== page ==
5. Think about a private prosecution
A is a process where you apply to the court to lay criminal charges against someone you believe committed a crime.
Most of the time, people report a crime to the police. Then the police investigate and decide if they should lay charges against the .
If the police lay charges, a prosecutor is responsible for prosecuting the charges in court. If the case goes to trial, a judge or jury decides whether the prosecutor has proven the accused's guilt beyond a reasonable doubt.
If the police investigate but decide not to lay charges, or if they decide not to investigate at all, you can apply for a private prosecution. In a private prosecution, an individual asks the court to charge the person they believe committed a crime.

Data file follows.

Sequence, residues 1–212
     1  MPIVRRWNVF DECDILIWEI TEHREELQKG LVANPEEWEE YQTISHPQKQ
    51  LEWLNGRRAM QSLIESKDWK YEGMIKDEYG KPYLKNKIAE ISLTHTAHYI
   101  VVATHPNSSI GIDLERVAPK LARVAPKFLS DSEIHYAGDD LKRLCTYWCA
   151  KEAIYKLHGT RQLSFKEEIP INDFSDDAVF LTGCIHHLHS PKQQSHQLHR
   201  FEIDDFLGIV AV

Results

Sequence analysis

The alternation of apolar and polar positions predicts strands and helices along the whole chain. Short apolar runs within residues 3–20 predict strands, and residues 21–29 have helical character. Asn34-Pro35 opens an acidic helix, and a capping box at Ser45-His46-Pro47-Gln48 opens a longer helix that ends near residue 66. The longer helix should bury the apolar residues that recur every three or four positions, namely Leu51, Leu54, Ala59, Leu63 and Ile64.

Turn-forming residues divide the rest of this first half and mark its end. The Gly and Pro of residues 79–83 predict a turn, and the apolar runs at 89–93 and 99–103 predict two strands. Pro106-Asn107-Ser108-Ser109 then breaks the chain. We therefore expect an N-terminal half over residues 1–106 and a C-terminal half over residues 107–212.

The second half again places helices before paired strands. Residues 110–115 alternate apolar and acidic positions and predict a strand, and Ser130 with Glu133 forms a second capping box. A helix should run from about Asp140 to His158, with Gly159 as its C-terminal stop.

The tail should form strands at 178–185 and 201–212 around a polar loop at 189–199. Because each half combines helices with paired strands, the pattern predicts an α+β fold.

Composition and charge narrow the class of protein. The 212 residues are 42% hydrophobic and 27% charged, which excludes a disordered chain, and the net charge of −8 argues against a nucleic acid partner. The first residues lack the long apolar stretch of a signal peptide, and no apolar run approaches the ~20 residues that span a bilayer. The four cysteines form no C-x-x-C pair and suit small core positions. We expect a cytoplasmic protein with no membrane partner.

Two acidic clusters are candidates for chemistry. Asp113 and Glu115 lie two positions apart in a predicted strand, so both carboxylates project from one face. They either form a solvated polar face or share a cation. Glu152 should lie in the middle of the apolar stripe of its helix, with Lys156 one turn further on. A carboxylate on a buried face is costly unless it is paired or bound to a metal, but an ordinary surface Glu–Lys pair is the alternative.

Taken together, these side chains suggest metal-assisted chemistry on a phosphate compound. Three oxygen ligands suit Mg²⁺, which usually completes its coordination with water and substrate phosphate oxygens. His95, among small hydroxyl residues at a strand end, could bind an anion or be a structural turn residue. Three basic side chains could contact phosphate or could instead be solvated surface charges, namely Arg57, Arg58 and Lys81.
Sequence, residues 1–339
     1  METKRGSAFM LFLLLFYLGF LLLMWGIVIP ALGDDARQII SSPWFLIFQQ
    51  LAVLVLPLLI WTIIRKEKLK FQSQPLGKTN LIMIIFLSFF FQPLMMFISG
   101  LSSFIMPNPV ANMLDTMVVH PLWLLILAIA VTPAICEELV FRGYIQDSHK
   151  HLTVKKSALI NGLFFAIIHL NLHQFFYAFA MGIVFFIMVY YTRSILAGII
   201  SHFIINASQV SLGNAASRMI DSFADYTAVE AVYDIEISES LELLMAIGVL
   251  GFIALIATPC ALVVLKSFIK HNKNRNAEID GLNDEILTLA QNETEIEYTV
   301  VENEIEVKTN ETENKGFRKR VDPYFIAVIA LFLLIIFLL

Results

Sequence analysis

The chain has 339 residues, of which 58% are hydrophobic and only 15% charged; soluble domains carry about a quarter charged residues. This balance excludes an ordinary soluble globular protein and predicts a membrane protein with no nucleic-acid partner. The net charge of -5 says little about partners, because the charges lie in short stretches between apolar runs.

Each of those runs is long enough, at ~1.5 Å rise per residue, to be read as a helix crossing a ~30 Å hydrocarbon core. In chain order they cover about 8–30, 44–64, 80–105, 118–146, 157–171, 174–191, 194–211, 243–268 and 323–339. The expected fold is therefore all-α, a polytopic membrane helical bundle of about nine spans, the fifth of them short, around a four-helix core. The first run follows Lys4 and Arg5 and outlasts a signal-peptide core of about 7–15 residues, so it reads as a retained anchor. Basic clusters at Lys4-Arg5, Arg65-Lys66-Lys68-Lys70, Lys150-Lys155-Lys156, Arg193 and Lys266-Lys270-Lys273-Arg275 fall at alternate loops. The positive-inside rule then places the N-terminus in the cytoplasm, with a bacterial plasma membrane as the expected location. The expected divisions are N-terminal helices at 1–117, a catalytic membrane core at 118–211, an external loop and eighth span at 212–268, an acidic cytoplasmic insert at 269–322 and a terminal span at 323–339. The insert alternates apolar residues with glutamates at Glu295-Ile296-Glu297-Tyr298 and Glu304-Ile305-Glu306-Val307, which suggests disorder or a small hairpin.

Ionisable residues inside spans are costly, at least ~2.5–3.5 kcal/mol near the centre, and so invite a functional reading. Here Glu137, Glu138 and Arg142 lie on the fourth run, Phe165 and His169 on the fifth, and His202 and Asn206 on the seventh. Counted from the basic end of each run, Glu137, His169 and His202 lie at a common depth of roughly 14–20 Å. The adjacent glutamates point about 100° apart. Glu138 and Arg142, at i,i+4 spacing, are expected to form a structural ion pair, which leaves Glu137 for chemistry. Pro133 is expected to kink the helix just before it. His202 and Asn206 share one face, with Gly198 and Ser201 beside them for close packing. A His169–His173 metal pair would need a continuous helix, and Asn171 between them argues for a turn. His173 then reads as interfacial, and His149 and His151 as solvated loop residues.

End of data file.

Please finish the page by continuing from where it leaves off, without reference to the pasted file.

To apply for a private prosecution, you must have reasonable grounds to believe that someone committed a crime. This means that you can't just have a feeling or a suspicion. Your belief must be based on reliable information. Read more about private prosecutions in What is a private prosecution and how do I apply for one?
CLEO's Guided Pathway for Private Prosecutions can help you learn more about private prosecutions for certain crimes involving gender-based violence.